But it could be that my previous point is their point and they are poking fun of women who sexualize their interests, drawing their inspiration from something like this

    But if this is their point, I somehow subjectively feel that they are perpetuating it as much as criticizing it.

  6. "That's right Barnes & Noble near my home. Your comic book section is SHIT. I said it." hahaha.. this cracked me right up.

    I definitely agree with you that bringing more people over to the nerdy side is great. My concern there, though, is what inspiration they draw from it. If it's that they legitimately enjoy games, and science, and well-told sci-fi.. AWESOME. Not only does that make these things more widely available, but also encourages more people to create this kind of thing. But, personally, i'm sick of seeing little girls running around in TMNT shirts that are two sizes too small just for attention, when they couldn't tell the different between Raphael and Donatello.

    Iris - the original song they're parodying is kind of the epitome of self-objectification there.. but, and of course this is just my own take on it, i do not think the parody is actively attempting to combat that element (or crack on that aspect of it) so much as just use that melody and style to keep it in the spectrum of pop culture. Also, Iris, I know this is a subject you're very well-versed on, not only in your academic studies, but in your regular, every day life.. so thank you, very much, for sharing your opinion on it.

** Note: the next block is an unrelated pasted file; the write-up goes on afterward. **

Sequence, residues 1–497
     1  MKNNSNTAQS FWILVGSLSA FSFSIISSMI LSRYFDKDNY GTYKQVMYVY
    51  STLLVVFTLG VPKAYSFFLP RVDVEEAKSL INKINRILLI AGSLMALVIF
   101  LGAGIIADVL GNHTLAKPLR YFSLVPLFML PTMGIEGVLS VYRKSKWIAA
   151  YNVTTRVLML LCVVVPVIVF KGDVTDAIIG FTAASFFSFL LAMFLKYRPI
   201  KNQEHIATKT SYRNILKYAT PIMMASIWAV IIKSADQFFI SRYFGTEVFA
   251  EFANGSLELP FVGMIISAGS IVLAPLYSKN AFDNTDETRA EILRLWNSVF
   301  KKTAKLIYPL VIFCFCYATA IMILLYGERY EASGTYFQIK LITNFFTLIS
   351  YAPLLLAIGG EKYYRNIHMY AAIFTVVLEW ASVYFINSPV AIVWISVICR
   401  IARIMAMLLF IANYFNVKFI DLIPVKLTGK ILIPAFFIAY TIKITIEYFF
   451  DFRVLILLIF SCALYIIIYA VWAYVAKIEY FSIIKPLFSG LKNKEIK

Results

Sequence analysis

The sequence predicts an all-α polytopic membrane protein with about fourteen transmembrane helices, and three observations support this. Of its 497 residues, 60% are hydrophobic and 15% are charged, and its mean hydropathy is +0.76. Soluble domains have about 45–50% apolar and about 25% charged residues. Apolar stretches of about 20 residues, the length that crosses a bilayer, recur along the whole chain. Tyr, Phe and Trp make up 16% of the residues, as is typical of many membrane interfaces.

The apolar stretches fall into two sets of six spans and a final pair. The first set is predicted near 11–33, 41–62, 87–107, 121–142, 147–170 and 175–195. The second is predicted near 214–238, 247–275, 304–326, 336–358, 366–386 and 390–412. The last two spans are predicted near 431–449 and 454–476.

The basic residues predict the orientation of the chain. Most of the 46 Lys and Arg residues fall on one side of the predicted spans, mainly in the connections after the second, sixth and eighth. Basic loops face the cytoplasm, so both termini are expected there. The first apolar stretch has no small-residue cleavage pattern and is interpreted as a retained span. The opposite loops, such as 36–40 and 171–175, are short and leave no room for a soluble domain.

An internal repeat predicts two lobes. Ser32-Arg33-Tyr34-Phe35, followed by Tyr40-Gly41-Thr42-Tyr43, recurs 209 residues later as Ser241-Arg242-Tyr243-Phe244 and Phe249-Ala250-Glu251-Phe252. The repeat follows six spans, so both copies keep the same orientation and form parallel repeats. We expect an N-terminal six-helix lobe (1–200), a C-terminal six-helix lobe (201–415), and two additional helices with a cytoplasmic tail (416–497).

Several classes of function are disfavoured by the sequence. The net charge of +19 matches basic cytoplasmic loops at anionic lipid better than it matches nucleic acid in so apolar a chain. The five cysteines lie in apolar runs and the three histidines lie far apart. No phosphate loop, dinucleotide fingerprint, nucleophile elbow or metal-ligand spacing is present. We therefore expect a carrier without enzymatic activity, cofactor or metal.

7. Iris, as Jackie said the original song/video is exactly that and I don't think Katy Perry was doing it "tongue-in-cheek" (especially considering she had Snoop Dogg on the song too). This fact, I suppose, further emphasizes my point as well about how women in general are objectified still in the media. Honestly, I'm sick and tired in general of seeing little girls running around in shirts two sizes too small for them regardless of what is on them. Little girls in halter tops when they haven't even hit puberty is just wrong.

    I would also like to thank you for your opinion!

  8. Personally (and I always find my opinion is the minority among fellow members of the vaginal variety), I like it. I think it is fun and was never meant to be taken seriously. It is a parody after all.

    It doesn't matter where we (women) go, we are going to be checked out. And the same goes for men. There seems to be the double-standard that exists where it is okay to objectify men (Old Spice commercials anyone or have you gone to a "women's night" at a strip joint compared to "men's night").